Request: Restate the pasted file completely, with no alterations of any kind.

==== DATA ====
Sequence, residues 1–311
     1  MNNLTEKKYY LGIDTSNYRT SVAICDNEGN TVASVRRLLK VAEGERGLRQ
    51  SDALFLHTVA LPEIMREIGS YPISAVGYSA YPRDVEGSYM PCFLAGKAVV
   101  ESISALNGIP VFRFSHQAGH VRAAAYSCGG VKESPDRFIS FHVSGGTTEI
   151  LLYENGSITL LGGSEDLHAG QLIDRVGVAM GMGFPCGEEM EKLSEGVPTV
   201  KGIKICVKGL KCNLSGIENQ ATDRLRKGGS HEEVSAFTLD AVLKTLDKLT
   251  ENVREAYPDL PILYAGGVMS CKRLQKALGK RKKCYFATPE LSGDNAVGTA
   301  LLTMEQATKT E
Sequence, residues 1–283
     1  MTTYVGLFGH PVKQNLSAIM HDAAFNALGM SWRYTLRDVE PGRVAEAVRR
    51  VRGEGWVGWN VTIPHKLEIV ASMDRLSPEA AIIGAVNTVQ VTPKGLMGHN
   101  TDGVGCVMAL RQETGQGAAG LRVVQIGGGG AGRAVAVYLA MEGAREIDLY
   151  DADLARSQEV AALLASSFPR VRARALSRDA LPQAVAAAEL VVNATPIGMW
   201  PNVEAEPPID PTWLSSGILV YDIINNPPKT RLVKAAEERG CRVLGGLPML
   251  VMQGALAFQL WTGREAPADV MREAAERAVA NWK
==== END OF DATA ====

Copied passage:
Sequence, residues 1–311
     1  MNNLTEKKYY LGIDTSNYRT SVAICDNEGN TVASVRRLLK VAEGERGLRQ
    51  SDALFLHTVA LPEIMREIGS YPISAVGYSA YPRDVEGSYM PCFLAGKAVV
   101  ESISALNGIP VFRFSHQAGH VRAAAYSCGG VKESPDRFIS FHVSGGTTEI
   151  LLYENGSITL LGGSEDLHAG QLIDRVGVAM GMGFPCGEEM EKLSEGVPTV
   201  KGIKICVKGL KCNLSGIENQ ATDRLRKGGS HEEVSAFTLD AVLKTLDKLT
   251  ENVREAYPDL PILYAGGVMS CKRLQKALGK RKKCYFATPE LSGDNAVGTA
   301  LLTMEQATKT E
Sequence, residues 1–283
     1  MTTYVGLFGH PVKQNLSAIM HDAAFNALGM SWRYTLRDVE PGRVAEAVRR
    51  VRGEGWVGWN VTIPHKLEIV ASMDRLSPEA AIIGAVNTVQ VTPKGLMGHN
   101  TDGVGCVMAL RQETGQGAAG LRVVQIGGGG AGRAVAVYLA MEGAREIDLY
   151  DADLARSQEV AALLASSFPR VRARALSRDA LPQAVAAAEL VVNATPIGMW
   201  PNVEAEPPID PTWLSSGILV YDIINNPPKT RLVKAAEERG CRVLGGLPML
   251  VMQGALAFQL WTGREAPADV MREAAERAVA NWK